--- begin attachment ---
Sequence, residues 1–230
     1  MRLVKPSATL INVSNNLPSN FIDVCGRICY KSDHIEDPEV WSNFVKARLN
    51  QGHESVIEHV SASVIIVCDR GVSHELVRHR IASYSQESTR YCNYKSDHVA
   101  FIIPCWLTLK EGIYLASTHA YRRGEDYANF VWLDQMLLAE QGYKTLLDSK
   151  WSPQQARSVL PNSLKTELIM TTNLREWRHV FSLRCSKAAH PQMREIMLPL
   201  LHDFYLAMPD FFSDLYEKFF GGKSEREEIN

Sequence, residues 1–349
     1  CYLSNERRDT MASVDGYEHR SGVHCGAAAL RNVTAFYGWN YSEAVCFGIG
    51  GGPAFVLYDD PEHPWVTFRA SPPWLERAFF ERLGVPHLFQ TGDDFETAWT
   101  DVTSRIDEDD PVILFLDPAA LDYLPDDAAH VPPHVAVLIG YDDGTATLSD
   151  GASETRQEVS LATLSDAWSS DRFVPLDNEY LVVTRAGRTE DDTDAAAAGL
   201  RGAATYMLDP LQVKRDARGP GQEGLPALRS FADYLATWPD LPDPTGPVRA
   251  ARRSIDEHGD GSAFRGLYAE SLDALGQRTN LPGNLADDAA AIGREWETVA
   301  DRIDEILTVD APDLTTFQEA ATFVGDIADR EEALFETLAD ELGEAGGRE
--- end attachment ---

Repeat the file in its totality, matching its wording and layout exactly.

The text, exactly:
Sequence, residues 1–230
     1  MRLVKPSATL INVSNNLPSN FIDVCGRICY KSDHIEDPEV WSNFVKARLN
    51  QGHESVIEHV SASVIIVCDR GVSHELVRHR IASYSQESTR YCNYKSDHVA
   101  FIIPCWLTLK EGIYLASTHA YRRGEDYANF VWLDQMLLAE QGYKTLLDSK
   151  WSPQQARSVL PNSLKTELIM TTNLREWRHV FSLRCSKAAH PQMREIMLPL
   201  LHDFYLAMPD FFSDLYEKFF GGKSEREEIN

Sequence, residues 1–349
     1  CYLSNERRDT MASVDGYEHR SGVHCGAAAL RNVTAFYGWN YSEAVCFGIG
    51  GGPAFVLYDD PEHPWVTFRA SPPWLERAFF ERLGVPHLFQ TGDDFETAWT
   101  DVTSRIDEDD PVILFLDPAA LDYLPDDAAH VPPHVAVLIG YDDGTATLSD
   151  GASETRQEVS LATLSDAWSS DRFVPLDNEY LVVTRAGRTE DDTDAAAAGL
   201  RGAATYMLDP LQVKRDARGP GQEGLPALRS FADYLATWPD LPDPTGPVRA
   251  ARRSIDEHGD GSAFRGLYAE SLDALGQRTN LPGNLADDAA AIGREWETVA
   301  DRIDEILTVD APDLTTFQEA ATFVGDIADR EEALFETLAD ELGEAGGRE